holding the medical improvement standard applies to closed period casesSummary of this case from Attmore v. Colvin
January 8, 2002.
John G. Heike (argued), East Texas Legal Services, Tyler, TX, for Plaintiff-Appellant.
Kesha Germell Simmons (argued), Social Security Administration Office of General Counsel, Dallas, TX, for Defendant-Appellee.
Appeal from the United States District Court for the Eastern District of Texas.
Waters sought disability benefits from the Social Security Administration based on a broken ankle and other related injuries. An Administrative Law Judge ("ALJ") awarded Waters disability for a closed period — that is, between November 27, 1993 and November 5, 1996. In determining the cessation date for the period, the ALJ principally placed the burden on Waters to show that his disability continued past this date. Following the lead of a number of our sister circuits, we adopt the "medical improvement" standard in these closed period cases. This standard places the initial burden on the government to show that the claimant's disability has ended as of the cessation date. We thus reverse and remand to the district court with instruction to remand to the Social Security Administration for further proceedings not inconsistent with this opinion.
On March 1, 1995, Waters applied for both disability benefits and supplemental security income based on an ankle injury he suffered when he slipped on some ice while using a sledge hammer. The Commissioner of the Social Security Administration denied Waters benefits. Waters requested a hearing before an administrative law judge. At the hearing, the ALJ decided to send Waters to a doctor for a conclusive evaluation. Waters agreed to see the doctor. The next month, Dr. James Harris examined Waters on behalf of the ALJ. Dr. Harris reported that Waters' broken ankle was healing nicely, and that Waters "has many signs and symptoms that appear to be nonphysiologic." Based on this report, the ALJ issued a partially favorable ruling — effectively finding that Waters had no continuing disability but that he did have a disability for the closed period between the time of his ankle injury on November 27, 1993 and his visit to Dr. Harris on November 5, 1996. The Appeals Council denied Waters' request for review. Waters then acquired representation and filed a complaint in the district court. The complaint alleged, inter alia, that the ALJ had applied the wrong legal standard to evaluate the cessation date for his closed period of benefits. This is the only issue we address in this appeal.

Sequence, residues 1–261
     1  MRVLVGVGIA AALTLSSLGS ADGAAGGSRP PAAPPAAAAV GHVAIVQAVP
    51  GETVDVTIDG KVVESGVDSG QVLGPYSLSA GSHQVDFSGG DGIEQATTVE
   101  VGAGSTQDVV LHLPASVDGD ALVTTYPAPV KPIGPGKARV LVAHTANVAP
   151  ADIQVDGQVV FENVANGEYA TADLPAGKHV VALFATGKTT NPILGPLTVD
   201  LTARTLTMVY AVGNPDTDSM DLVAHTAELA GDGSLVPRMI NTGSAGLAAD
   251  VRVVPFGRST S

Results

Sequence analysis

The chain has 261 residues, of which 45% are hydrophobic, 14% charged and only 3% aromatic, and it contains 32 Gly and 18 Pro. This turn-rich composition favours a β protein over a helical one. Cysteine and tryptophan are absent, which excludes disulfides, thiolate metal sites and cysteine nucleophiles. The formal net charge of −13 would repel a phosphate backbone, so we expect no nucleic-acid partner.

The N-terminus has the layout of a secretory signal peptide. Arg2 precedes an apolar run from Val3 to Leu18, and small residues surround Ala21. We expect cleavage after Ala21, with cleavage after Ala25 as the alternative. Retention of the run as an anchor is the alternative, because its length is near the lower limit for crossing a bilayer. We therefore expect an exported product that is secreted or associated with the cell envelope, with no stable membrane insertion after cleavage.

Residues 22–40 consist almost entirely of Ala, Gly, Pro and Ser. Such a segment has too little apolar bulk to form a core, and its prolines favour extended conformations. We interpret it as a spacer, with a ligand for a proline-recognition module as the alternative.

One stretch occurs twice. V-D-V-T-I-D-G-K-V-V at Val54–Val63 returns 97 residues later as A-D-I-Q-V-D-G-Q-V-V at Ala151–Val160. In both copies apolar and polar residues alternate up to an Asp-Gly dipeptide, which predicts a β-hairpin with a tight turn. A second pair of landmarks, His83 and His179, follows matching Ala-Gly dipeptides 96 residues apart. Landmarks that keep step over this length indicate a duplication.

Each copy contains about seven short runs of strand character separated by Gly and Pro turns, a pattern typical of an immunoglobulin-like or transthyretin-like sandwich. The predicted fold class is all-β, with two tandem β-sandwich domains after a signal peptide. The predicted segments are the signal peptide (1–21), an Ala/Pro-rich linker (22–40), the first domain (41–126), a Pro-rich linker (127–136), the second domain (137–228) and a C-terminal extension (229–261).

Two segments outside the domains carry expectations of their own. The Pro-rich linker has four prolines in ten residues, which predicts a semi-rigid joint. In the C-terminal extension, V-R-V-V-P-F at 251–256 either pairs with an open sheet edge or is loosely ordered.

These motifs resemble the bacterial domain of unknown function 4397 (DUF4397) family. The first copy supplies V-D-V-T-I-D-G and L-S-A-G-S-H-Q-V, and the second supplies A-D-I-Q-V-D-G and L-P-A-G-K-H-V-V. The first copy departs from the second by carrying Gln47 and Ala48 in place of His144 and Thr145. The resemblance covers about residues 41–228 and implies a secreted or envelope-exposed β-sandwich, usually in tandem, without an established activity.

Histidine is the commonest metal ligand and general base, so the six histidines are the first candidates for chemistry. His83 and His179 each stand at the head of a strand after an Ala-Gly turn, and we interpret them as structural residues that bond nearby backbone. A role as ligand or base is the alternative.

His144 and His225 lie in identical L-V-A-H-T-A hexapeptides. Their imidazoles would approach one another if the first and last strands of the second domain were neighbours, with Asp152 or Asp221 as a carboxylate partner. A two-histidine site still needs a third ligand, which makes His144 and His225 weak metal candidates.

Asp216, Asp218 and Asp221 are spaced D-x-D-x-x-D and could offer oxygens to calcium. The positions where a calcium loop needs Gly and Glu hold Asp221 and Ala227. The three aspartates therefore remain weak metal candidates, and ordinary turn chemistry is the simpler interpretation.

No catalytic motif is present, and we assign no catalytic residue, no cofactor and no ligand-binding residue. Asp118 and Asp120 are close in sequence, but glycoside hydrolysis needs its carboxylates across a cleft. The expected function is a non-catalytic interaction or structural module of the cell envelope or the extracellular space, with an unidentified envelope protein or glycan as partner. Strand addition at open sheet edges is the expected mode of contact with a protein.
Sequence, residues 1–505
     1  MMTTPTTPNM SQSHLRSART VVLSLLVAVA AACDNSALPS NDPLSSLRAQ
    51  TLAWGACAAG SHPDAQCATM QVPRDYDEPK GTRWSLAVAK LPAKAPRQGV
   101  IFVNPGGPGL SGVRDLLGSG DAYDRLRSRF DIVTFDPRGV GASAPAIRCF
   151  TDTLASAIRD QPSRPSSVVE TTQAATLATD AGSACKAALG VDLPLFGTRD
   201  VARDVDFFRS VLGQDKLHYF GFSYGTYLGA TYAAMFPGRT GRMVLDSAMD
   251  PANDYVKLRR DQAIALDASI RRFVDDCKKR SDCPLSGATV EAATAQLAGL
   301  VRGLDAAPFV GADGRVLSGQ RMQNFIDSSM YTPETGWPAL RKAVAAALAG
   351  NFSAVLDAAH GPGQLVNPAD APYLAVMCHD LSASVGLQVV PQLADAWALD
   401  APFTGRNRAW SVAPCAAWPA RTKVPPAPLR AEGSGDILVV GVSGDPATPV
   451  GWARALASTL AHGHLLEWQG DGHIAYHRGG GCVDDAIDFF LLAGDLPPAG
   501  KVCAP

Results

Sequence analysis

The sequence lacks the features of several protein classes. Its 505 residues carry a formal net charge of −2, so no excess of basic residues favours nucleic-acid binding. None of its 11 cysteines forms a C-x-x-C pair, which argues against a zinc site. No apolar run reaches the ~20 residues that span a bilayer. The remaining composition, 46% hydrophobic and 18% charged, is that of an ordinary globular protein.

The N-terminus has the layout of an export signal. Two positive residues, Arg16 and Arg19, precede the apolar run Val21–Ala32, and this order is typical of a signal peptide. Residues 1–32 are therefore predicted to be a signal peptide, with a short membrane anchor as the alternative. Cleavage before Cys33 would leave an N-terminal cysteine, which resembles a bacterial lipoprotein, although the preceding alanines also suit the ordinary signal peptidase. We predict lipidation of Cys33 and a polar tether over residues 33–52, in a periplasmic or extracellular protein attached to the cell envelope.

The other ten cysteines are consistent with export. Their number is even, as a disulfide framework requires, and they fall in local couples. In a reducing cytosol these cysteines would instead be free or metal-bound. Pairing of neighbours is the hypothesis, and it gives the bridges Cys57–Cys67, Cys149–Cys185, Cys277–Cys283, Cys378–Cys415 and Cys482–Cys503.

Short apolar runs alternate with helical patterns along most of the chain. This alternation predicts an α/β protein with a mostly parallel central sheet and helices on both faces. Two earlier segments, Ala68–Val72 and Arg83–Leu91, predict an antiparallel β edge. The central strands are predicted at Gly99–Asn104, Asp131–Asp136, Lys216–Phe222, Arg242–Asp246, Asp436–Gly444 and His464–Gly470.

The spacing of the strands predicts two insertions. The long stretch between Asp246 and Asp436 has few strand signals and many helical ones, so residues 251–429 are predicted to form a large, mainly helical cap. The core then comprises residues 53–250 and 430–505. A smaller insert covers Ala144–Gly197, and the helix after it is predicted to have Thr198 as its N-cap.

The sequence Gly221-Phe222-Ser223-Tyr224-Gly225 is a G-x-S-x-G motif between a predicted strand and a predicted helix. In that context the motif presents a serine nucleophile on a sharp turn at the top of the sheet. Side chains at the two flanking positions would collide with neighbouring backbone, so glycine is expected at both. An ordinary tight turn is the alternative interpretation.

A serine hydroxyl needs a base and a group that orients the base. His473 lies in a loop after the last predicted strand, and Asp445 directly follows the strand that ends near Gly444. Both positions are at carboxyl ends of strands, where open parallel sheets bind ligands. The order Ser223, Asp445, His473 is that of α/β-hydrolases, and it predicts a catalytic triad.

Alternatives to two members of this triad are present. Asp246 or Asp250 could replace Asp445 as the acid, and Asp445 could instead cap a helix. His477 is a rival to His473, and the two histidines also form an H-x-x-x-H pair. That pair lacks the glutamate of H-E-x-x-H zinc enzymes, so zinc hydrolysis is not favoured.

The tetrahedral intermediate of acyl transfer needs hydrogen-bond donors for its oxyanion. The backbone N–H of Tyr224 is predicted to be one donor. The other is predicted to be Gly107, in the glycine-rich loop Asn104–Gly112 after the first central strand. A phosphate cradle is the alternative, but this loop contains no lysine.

The district court, adopting the magistrate judge's recommendation, affirmed the Commissioner. Waters now appeals.
In Social Security disability cases, 42 U.S.C. § 405(g) governs the standard of review. Frith v. Celebrezze, 333 F.2d 557, 560 (5th Cir. 1964). In the Fifth Circuit, appellate review is limited to (1) whether the Commissioner applied the proper legal standard; and (2) whether the Commissioner's decision is supported by substantial evidence. See Estate of Morris v. Shalala, 207 F.3d 744, 745 (5th Cir. 2000) (citations omitted). In this case, the ALJ used a five-step sequential analysis to determine the beginning and the end date for the "closed period" of Waters' disability. Courts and the Social Security Administration typically use this type of analysis to decide whether — as a threshold matter — a person is disabled. The five-step analysis is: